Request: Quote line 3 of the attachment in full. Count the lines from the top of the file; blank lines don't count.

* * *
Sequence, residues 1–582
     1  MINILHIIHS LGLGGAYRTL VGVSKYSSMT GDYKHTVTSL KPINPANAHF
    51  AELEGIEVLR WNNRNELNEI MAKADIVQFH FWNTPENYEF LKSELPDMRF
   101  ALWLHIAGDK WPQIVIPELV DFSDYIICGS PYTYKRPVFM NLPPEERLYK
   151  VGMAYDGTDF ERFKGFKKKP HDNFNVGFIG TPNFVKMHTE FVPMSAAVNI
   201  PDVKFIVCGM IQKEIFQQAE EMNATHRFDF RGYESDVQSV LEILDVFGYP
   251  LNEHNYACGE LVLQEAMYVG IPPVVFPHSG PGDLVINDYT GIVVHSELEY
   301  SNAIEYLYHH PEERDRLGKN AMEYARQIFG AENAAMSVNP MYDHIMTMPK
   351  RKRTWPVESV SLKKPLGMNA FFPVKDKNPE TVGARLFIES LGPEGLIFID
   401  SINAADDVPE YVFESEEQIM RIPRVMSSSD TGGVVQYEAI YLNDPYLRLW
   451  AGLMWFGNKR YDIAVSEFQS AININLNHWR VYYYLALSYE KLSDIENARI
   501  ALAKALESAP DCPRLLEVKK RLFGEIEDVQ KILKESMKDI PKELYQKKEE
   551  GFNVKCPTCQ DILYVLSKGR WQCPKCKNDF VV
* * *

    51  AELEGIEVLR WNNRNELNEI MAKADIVQFH FWNTPENYEF LKSELPDMRF